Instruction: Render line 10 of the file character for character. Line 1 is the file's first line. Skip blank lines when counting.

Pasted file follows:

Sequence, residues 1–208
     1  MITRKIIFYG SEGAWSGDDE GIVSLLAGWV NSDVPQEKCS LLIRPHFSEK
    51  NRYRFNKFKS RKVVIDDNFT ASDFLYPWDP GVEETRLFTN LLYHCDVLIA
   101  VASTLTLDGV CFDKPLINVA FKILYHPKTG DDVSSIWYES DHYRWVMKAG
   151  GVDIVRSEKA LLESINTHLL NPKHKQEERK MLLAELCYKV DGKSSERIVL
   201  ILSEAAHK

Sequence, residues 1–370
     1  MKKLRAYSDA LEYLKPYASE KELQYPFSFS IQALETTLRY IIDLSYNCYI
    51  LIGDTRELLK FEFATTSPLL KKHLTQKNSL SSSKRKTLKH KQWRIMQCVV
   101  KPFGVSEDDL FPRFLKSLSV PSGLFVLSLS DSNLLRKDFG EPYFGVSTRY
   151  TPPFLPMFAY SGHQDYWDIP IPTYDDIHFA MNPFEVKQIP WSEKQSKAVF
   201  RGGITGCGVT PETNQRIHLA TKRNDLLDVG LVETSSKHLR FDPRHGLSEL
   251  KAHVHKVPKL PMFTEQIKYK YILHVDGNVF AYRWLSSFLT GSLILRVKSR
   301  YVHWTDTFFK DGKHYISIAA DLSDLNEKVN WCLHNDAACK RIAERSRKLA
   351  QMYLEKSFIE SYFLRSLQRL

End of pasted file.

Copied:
   101  KPFGVSEDDL FPRFLKSLSV PSGLFVLSLS DSNLLRKDFG EPYFGVSTRY